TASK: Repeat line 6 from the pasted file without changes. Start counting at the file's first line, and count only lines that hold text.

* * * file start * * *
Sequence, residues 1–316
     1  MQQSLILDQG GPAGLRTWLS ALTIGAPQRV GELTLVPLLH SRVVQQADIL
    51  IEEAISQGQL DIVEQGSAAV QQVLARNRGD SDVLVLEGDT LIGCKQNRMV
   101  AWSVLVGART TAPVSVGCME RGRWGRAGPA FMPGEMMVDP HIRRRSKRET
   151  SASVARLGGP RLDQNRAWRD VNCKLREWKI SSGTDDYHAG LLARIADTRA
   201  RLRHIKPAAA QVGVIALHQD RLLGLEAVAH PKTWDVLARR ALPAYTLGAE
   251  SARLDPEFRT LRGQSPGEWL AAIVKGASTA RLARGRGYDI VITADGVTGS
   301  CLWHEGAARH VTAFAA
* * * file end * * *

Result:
   201  RLRHIKPAAA QVGVIALHQD RLLGLEAVAH PKTWDVLARR ALPAYTLGAE